- Ostrander, M.D.
USDA Forest Service, Northeastern Forest Experiment Station
The grade of eastern white pine lumber is determined primarily by the condition, size, and frequency of natural blemishes characteristic of the species. These include bark pockets, cross grain, rot, knots, pitch pockets, and shake. Mismanufacture and seasoning defects also affect lumber grade.
Many of the natural defects in lumber can be related to external indicators on the log or tree. For example, limby logs result in knotty lumber, and crooked logs result in cross-grained lumber. Objective measurement and evaluation of these external indicators are essential for accurate application of any log- or tree-grading system.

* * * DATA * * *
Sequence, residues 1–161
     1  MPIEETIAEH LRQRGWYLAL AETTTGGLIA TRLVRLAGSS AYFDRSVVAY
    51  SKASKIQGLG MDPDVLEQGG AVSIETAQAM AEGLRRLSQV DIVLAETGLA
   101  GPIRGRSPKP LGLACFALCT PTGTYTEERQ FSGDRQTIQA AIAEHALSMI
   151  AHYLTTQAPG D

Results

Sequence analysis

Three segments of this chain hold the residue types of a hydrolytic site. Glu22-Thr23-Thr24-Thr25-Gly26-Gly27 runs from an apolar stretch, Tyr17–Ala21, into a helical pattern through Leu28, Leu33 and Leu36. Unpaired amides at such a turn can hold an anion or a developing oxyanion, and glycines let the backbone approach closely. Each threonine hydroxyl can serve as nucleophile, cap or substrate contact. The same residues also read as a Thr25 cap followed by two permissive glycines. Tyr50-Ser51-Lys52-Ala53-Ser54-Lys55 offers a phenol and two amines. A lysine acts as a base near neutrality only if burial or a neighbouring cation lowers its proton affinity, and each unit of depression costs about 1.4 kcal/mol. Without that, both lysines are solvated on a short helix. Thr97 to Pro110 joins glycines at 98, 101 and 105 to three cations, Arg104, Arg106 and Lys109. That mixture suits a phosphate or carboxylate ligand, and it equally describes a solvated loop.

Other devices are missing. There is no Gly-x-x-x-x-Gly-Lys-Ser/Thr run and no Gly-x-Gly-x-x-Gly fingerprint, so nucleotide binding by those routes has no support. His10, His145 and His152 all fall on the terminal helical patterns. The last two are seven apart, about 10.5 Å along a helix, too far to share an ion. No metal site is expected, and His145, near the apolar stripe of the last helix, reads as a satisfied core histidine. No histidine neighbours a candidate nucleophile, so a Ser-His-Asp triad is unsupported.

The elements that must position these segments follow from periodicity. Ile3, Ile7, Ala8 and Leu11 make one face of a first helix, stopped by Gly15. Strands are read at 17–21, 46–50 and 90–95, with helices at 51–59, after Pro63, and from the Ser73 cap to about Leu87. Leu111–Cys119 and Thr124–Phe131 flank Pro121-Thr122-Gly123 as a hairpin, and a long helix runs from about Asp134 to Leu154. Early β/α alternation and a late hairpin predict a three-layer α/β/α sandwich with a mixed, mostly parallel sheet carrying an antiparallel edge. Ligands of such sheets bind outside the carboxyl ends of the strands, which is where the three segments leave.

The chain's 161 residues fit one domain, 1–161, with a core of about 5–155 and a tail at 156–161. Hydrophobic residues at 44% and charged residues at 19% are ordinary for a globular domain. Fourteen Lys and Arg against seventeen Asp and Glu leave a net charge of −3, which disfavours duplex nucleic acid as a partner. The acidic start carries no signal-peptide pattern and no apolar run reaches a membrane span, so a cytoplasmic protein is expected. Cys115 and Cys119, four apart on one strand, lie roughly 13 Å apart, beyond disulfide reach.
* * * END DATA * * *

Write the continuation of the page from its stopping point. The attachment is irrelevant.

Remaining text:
This guide, based on our latest knowledge about the identification and evaluation of surface blemishes on eastern white pine logs and trees, was prepared for use as an aid in applying the standard eastern white pine log grades.
Unless otherwise stated, the significance of the various blemishes or imperfections defined and described in this guide apply over the commercial range of the species. The end product considered in evaluation is standard yard lumber as defined by the Northeastern Lumber Manufacturer's Association and the Northern Hardwood and Pine Manufacturer's Association.